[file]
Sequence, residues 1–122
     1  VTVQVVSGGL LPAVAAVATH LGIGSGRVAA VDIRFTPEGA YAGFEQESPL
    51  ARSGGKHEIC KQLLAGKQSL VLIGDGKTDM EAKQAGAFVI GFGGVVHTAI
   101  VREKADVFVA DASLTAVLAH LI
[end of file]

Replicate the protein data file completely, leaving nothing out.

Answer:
Sequence, residues 1–122
     1  VTVQVVSGGL LPAVAAVATH LGIGSGRVAA VDIRFTPEGA YAGFEQESPL
    51  ARSGGKHEIC KQLLAGKQSL VLIGDGKTDM EAKQAGAFVI GFGGVVHTAI
   101  VREKADVFVA DASLTAVLAH LI